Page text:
A prudent step for not only good physical health but also good mental health is consuming foods for a happy gut. Research now tells us that the gut microbiome really is our “second brain.” Did you know that 95 percent of the body’s serotonin (maintains mood balance) is in your digestive system? Most know that at least 75-80% of the immune system is located in the digestive tract. This means that the foods you choose to put into your body has a huge effect on keeping your immune supported and functioning well. Since 90% of your cells are microbial cells and your diet influences your microbes, it is prudent to make sure that we focus on eating foods that are gut-friendly. So when we talk about gut health, the old adage “you are what you eat” rings true.
Below are the 23 best foods for a happy gut. Daily include some of these foods for a happy gut.
23 Best Foods For A Happy Gut
According to Justin Sonneburg, biologist at Stanford University: “Diet is one of the most powerful tools we have for changing the microbiota.” An imbalance in your gut can be a hidden culprit for health concerns such as fatigue, learning and behavioral issues in children, asthma, eczema and rosacea.
- Fermented Vegetables
- Grass-fed Bone Broth
- Kefir and Coconut Kefir
- Red Cabbage
- Chia Seeds
- Aloe Vera
- Apple Cider Vinegar
- Organic Salted Gherkin Pickles
- Organic Brine-Cured Olives
- Dandelion greens
- Red Beets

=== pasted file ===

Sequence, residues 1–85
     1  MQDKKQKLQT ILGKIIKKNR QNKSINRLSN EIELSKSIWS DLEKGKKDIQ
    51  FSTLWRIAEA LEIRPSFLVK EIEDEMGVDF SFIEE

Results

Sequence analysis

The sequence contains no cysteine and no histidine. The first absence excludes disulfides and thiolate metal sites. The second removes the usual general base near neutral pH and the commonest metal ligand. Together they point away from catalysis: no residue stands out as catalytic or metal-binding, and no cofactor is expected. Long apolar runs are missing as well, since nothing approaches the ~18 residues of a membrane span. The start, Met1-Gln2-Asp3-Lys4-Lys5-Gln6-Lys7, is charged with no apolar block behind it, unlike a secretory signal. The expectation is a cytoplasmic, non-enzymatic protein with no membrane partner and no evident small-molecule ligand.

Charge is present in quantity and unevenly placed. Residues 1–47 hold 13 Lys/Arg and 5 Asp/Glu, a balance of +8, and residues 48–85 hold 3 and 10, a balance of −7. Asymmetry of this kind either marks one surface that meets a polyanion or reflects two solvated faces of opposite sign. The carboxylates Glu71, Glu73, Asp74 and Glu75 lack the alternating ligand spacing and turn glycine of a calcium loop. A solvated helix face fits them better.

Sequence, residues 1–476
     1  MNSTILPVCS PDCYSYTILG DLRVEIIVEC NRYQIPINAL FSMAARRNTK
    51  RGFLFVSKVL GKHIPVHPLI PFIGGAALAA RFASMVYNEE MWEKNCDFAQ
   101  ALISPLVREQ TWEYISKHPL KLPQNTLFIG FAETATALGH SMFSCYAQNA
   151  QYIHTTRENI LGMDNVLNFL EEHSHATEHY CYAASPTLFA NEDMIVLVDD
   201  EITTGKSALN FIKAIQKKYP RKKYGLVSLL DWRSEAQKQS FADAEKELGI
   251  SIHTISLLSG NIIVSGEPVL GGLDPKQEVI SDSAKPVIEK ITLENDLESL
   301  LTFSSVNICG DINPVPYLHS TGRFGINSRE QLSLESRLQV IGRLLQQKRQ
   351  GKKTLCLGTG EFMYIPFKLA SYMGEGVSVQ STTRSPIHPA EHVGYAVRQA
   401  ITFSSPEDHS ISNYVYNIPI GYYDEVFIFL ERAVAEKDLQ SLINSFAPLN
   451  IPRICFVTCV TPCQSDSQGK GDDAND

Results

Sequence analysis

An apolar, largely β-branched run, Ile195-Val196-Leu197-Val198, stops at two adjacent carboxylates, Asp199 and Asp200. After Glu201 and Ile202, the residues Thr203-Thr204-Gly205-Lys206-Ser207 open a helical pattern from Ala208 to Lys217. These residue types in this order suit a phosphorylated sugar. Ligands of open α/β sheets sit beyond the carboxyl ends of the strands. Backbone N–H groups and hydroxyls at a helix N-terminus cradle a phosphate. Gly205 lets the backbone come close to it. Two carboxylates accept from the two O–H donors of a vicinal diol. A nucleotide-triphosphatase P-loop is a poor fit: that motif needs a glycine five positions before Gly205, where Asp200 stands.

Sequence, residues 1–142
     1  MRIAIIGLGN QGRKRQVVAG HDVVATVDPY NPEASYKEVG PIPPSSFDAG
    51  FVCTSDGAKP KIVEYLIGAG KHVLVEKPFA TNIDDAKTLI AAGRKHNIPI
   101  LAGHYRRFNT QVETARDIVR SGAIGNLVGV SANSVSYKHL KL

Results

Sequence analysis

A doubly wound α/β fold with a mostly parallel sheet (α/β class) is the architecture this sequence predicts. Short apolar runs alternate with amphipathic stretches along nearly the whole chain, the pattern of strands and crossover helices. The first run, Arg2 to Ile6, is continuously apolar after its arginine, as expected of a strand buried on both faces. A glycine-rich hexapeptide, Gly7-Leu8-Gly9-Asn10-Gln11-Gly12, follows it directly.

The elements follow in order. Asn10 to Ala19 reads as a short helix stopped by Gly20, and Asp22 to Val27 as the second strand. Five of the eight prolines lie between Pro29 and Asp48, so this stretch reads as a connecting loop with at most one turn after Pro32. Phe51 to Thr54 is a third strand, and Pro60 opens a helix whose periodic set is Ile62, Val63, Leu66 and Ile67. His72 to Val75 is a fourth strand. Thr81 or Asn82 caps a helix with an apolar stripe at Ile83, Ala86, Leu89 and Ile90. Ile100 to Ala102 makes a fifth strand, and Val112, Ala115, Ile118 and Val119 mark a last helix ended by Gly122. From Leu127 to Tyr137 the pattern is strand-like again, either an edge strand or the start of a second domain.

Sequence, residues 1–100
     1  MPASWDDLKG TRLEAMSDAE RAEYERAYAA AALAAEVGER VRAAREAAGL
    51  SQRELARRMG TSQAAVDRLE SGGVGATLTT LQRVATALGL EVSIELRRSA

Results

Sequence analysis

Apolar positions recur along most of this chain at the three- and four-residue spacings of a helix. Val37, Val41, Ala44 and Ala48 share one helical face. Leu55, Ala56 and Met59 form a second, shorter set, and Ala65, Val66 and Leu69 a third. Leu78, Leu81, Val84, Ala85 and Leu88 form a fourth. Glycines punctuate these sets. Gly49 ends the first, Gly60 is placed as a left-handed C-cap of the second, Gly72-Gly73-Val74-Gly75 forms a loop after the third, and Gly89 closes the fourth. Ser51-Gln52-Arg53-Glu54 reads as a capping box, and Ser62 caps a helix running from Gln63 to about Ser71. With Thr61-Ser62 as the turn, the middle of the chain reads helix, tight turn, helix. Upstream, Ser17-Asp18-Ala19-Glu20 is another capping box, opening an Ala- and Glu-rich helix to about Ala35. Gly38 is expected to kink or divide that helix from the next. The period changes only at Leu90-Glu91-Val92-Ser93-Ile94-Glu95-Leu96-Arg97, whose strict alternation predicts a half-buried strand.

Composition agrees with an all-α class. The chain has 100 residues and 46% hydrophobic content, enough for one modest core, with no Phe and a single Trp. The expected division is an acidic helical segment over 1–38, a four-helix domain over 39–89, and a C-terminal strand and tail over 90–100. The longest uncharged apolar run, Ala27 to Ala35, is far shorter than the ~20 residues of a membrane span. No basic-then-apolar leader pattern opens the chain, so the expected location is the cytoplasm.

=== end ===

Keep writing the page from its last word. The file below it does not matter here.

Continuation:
- Organic Oats
- Lemon Purified Water
- Organic Beans
Natural Remedies for Maintaining & Restoring a Happy Gut
Below are a few things you can do to maintain and restore a happy gut.
- Avoid processed foods.
- As much as possible, prepare your foods at home.
- Consume probiotic-rich foods.
- Eliminate refined sugar and white flour.
- Avoid unnecessary antibiotic use.
- Eliminate gluten.
- Consume healthy fats and healthy oils.
- Drink only purified water. Do not drink water packaged in plastic bottles.
- Consume raw nuts.
- Manage your stress.
- Remove as many toxins from your diet as possible.
- Perform an intestinal cleanse at the beginning of spring and fall.
- Perform a parasite cleanse two times per year.
- Rebalance your gut by taking a good probiotic every day.
References and Research
Kiefer D, Ali-Akbarian L (2004). “A brief evidence-based review of two gastrointestinal illnesses: irritable bowel and leaky gut syndromes”. Alternative Therapy Health Medicine 10 (3): 22–30.
Bischoff SC. ‘Gut health’: a new objective in medicine? BMC Med. 2011;9:24.
Carasi P1, Racedo SM2, Jacquot C2, Romanin DE3, Serradell MA4, Urdaci MC2. Impact of kefir derived Lactobacillus kefiri on the mucosal immune response and gut microbiota. J Immunol Res. 2015;2015:361604. doi: 10.1155/2015/361604.
Szaefer H1, Krajka-Ku?niak V, Bartoszek A, Baer-Dubowska W. Modulation of carcinogen metabolizing cytochromes P450 in rat liver and kidney by cabbage and sauerkraut juices: comparison with the effects of indole-3-carbinol and phenethyl isothiocyanate. Phytother Res. 2012 Aug;26(8):1148-55. doi: 10.1002/ptr.3692.
Simopoulos, A. P. Omega-3 fatty acids in inflammation and autoimmune diseases. Journal of the American College of Nutrition. 21 (6).
†Results may vary. Information and statements made are for education purposes and are not intended to replace the advice of your doctor. Oasis Advanced Wellness/OAWHealth does not dispense medical advice, prescribe, or diagnose illness. The views and nutritional advice expressed by Oasis Advanced Wellness/OAWHealth are not intended to be a substitute for conventional medical service. If you have a severe medical condition or health concern, see your physician of choice.